The state of strategic marketing in Kenya's sugar companies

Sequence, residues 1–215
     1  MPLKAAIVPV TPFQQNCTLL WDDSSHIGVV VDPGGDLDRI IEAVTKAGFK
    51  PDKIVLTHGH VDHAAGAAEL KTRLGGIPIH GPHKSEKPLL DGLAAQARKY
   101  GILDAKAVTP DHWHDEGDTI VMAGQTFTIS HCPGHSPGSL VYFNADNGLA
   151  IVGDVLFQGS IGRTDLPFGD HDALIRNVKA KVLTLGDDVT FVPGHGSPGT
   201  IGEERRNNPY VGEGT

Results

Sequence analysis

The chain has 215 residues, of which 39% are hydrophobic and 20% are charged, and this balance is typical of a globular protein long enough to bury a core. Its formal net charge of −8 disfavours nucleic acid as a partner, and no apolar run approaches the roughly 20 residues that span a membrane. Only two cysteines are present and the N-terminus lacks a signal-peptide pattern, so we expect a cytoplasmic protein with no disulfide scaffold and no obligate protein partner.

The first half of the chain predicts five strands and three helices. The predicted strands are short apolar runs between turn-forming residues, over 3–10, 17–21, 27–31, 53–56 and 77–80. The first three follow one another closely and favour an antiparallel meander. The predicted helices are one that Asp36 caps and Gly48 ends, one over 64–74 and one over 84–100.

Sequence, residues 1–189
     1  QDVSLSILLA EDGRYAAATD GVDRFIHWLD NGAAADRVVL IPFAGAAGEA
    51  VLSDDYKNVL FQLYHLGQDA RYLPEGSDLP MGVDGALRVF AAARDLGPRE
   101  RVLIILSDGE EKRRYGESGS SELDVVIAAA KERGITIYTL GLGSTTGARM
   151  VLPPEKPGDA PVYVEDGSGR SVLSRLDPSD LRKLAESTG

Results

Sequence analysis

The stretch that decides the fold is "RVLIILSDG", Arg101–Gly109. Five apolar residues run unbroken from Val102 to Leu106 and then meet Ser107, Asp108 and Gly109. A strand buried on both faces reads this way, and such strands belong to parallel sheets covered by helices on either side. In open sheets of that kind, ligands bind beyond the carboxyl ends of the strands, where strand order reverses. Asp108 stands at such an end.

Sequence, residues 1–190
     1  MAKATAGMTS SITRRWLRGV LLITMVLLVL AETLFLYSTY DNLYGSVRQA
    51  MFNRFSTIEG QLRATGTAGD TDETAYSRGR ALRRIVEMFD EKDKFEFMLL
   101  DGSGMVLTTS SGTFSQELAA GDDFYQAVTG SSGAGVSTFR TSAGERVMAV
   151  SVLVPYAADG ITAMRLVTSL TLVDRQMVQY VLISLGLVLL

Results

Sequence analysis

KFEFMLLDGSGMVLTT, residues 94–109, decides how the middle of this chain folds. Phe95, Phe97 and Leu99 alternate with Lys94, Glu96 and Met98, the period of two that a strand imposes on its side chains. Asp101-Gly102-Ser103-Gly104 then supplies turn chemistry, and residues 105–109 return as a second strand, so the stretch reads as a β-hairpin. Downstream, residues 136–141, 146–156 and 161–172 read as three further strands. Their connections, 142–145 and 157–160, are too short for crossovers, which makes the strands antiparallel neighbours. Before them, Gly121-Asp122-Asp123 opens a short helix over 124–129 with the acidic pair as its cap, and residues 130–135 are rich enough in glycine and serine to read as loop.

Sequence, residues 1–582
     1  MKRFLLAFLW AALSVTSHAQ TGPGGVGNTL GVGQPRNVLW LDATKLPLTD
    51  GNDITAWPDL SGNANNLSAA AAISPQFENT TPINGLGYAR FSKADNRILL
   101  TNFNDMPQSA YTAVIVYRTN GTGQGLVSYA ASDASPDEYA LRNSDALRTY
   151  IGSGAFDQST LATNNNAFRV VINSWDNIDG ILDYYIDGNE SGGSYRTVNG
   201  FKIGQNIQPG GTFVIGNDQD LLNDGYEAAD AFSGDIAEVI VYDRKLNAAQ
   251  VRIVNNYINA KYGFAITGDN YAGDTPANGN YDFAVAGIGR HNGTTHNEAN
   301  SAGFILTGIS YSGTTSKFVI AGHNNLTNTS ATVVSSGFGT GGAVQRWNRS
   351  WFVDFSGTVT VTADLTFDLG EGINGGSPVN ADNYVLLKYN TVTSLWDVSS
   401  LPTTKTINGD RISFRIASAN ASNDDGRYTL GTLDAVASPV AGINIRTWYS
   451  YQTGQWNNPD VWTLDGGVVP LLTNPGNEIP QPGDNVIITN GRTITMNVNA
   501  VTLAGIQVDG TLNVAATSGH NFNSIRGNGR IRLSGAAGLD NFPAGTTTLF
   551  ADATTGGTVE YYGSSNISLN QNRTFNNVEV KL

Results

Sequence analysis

This study set to explore the state of strategic marketing in Kenya's sugar companies. The study was founded on the premise that the sugar industry was going through turbulence in face of liberalisation but there was no conscious effort on the part of the industry to counter this or to initiate strategies that would protect it against such eventuality in future. This paradox led to the second objective of the study which was to explore the impediments that hampered companies from initiating aggressive marketing in face of a scenario that had seen other enterprises collapse. The study confirmed the postulation that there was no serious marketing in most of the sugar industries. Since strategy if about positioning oneself ahead of competitors, conclusions derived were basically looked at from a competitive angle. Specifically, the following fmdings were derived: 1. While the sugar industry was facing competition notably from imports, domestic players did not regard themselves as real competitors fighting for similar markets as their production was often below the required consumption. Thus, many did not see the point of spending money and energy on marketing strategy. 2. The industry was still heavily regulated by government forces and decisions on, say, going abroad, were still pegged on government authority. Thus, the companies could not explore alternative markets at will even as their domestic markets were saturated. 3. All the sugar companies regarded their products as being qualitative and were therefore confident that there was no differential advantage from the product of competitors . Packaging was a new aspect one of the companies was exploring and it was felt that this would give the company a major differential advantage once it is launched. 4. As a marketing tool, pricing was not available for manipulation in the marketing mix because pricing decisions were taken at a Chief Executives forum that compelled the entire industry to maintain a uniform pricing structure. These factors blocked the flexibility required in competitive markets. Where the playing field is not level, the implementation of marketing strategy becomes hard. 5. It was established that virtually no advertising was carried out by the industry. The objectives of advertising are to inform, persuade and remind consumers to buy. These objectives would only thrive in markets that are characterised by numerous products. Where consumption is higher than production, however, these objectives may not hold. 6. Distribution was perhaps the only variable that received emphasis but even for this, the amount of effort was limited as customers were often required to collect sugar from the millers. But there was remarkable effort in choosing locations with many companies keeping off the their competitors' zones. The second objective of the study was to fmd out impediments to the establishment of strategic marketing practices in sugar companies. The following factors were identified: 1. Deficiencies in production did not create cause to compete and consequently there was no need for marketing strategy. 2. Government regulation of the industry did.not permit aggressive marketing. In fact there were internal systems in companies-that regulated the amount of sugar that could be sold to a single customer. The purpose of this regulation was to avoid hoarding and the development of cartels who could buy entire consignments and hold the industry at ransom. 3. Lack of management support was detected in the development of the marketing function. There were no budgets allocated to the function because many of them saw no good cause to spend. They argued that they could after all sell their entire consignments without spending. In view of these findings, the following would be the recommendations for management consideration: 1. If the industry has to survive, there will be need to reduce the level of government control. While this could be done through the proposed liberalisation, there is need to lobby for urgent measures like the freedom to leave market forces to control the industry. 2. The local sugar industry appears unique in the sense of having local production higher than consumption. Because of this, the industry has remained largely production focused. There is need for managers to look at the fate that has befallen other enterprises in Kenya and collect the ammunition before the actual war starts. The war is inevitable as more sugar companies plan to enter the race giving consumers a wider choice. 3. There is need for the establishment of marketing departments in sugar companies. These departments should be put at the start of the marketing chain and not as appendages of other departments.